A true copy of the Letter dated 10.5.2011 of Secretary to the Treasury addressed to
           HDL is annexed marked “F”, pleaded as part and parcel hereof

   d) Nevertheless, whilst the aforesaid two year period commencing on 10.5.2011 had been
      pending, in breach thereof, shortly thereafter, HDL had been perversely and unilaterally
      surreptitiously included, as the only Underperforming Enterprise, in Schedule I titled
      ‘Underperforming Enterprises’, to the Bill in respect of which on 24.10.2011 Special
      Determination had been made per-incuriam ultra-vires the constitutionally mandatorily deeming
      provision of Article 123(3) of the Constitution, and without jurisdiction, which said Special
      Determination of 24.10.2011 is therefore constitutionally ab-initio null and void and of no
      force or avail in law i.e. a nullity.

   e) The Petitioner gave prompt notice of his foregoing High Court (Civil) Western Province,
      Colombo, Application No. 52/2011/CO to the Hon. Speaker of Parliament, Chamal
      Rajapaksa, a brother of President Mahinda Rajapaksa.

           A true copy of the Letter dated 8.11.2011 faxed to the Hon. Speaker is annexed
           marked “G”, pleaded as part and parcel hereof




                                                 10
f) The Hon. Speaker of Parliament had also been put on notice by a Member of Parliament, M.A.
   Sumanthiran, Attorney-at-Law, that judicial power was being exercised to adjudicate upon a
   Winding-up Application filed 5 years ago by the Petitioner to wind-up HDL, also asserting inter-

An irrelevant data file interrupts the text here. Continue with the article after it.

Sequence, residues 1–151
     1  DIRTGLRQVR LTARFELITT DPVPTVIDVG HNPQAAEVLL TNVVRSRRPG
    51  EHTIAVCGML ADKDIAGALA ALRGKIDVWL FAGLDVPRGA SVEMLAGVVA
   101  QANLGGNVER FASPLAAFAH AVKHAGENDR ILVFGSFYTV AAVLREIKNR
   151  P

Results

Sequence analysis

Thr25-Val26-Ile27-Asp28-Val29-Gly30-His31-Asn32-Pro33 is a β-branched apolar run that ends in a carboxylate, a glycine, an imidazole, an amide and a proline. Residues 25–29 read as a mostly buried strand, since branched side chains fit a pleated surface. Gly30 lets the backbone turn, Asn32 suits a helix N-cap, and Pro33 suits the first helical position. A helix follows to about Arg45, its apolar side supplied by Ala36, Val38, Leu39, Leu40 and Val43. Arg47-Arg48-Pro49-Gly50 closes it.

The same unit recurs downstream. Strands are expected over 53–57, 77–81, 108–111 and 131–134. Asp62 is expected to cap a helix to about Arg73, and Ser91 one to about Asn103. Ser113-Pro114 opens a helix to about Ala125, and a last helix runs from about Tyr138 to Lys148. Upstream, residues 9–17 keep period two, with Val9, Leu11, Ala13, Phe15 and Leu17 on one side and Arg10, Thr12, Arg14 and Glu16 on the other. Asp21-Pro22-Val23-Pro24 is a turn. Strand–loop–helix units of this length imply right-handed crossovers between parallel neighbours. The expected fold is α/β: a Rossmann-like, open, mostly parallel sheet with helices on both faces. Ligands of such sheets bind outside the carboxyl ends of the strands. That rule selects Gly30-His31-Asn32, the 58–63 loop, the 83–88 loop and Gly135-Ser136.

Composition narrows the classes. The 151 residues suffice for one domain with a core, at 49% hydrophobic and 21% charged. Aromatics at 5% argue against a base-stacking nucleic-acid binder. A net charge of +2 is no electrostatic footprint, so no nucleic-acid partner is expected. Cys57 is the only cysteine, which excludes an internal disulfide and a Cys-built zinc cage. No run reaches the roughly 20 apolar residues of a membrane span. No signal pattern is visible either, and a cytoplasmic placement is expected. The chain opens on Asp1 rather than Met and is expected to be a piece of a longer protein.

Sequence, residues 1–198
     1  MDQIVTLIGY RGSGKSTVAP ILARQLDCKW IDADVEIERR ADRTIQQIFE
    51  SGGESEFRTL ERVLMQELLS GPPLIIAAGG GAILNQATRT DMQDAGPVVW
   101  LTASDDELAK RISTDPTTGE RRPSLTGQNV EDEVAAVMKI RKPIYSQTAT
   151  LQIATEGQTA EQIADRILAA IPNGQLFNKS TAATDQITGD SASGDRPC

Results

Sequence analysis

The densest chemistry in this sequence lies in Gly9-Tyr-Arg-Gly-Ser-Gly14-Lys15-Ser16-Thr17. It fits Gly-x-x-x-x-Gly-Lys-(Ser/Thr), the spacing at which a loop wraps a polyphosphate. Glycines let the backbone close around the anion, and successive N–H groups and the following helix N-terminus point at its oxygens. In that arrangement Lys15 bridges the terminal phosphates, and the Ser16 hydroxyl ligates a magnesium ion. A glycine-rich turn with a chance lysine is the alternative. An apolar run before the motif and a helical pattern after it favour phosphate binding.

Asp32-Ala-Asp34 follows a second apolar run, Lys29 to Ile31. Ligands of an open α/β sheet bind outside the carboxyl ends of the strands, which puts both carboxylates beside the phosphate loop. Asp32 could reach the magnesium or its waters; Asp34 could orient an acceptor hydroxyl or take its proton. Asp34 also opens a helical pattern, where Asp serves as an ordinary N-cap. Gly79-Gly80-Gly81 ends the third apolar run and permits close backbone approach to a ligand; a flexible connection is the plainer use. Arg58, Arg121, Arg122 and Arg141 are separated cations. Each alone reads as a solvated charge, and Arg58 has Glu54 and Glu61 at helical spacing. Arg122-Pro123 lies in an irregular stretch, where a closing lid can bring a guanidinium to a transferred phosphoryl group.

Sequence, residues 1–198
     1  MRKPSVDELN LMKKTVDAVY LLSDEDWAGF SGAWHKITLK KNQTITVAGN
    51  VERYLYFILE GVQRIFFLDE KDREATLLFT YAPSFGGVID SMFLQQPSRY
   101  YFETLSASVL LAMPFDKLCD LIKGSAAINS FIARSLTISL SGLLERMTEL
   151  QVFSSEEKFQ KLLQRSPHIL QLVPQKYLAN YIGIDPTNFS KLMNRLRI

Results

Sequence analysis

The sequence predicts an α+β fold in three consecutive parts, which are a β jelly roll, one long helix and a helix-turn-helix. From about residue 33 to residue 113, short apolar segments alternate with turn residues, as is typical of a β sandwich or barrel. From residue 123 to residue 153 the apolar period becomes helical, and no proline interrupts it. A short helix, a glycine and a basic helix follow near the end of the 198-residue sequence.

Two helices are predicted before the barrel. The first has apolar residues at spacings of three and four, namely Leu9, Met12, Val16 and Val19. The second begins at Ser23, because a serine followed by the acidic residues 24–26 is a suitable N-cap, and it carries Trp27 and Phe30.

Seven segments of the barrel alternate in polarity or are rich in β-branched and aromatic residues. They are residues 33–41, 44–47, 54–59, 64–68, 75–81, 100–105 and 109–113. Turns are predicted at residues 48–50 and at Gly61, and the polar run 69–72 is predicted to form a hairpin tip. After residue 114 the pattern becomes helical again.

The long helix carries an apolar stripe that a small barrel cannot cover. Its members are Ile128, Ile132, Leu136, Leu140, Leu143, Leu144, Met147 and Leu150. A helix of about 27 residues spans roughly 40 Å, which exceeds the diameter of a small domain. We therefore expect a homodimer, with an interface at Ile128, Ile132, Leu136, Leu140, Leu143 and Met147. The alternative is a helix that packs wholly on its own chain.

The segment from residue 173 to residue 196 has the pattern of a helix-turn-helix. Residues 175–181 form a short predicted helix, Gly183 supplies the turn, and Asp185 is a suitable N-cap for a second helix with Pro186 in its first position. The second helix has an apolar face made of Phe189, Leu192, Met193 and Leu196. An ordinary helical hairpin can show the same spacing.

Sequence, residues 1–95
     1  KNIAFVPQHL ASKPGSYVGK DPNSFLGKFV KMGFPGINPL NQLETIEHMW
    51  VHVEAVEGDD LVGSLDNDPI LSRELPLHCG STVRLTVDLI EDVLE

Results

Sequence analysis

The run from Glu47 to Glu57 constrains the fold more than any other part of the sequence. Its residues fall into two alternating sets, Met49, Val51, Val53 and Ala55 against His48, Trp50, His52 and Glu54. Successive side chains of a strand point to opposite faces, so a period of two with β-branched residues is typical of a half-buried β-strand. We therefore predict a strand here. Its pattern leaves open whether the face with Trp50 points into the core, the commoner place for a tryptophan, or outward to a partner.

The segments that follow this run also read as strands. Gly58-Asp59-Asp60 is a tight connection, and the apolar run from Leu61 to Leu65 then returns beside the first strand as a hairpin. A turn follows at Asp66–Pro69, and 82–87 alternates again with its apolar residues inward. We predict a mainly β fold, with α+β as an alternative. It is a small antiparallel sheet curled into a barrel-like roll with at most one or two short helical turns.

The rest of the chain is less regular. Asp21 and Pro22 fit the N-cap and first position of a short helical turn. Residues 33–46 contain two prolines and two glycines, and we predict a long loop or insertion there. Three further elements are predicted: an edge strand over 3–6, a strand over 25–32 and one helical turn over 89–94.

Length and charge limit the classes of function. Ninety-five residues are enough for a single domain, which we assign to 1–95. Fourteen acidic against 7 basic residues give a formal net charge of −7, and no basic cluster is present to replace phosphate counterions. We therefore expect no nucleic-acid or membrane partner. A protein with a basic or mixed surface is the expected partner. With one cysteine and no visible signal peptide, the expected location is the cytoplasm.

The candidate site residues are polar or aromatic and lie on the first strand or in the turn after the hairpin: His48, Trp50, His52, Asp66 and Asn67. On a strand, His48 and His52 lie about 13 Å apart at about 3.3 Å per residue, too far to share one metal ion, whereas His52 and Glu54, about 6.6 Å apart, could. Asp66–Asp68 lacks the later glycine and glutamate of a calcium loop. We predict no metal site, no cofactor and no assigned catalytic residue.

alia, that this Bill, as an ‘Urgent Bill’, had been hurriedly and secretly dealt with – vide Hansard
   Columns 1055 and 1056 of 9.11.2011 - viz: (Emphasis added)

            "There was a Ruling given by the Hon. Speaker with regard to the rule of sub judice,
            citing a previous Ruling by one of his predecessors, the Hon. M.H. Mohamed, in which
            he says it is possible for somebody, merely to stall the debate in this House, to file a
            plaint the previous day. That is true. There has been a plaint filed, even in this case,
            yesterday. But, I am not talking about what was filed yesterday; I am talking about
            what was filed five years ago. What is pertinent to the matter under discussion is that
            what was filed five years ago is a matter of winding up of a company on the basis that
            the company has failed. So, if the task of judicial determination has been given to the
            Judiciary and if we respect the rule, if we respect the separation of powers in our
            Constitution, then this House ought not to take this up and pronounce upon a matter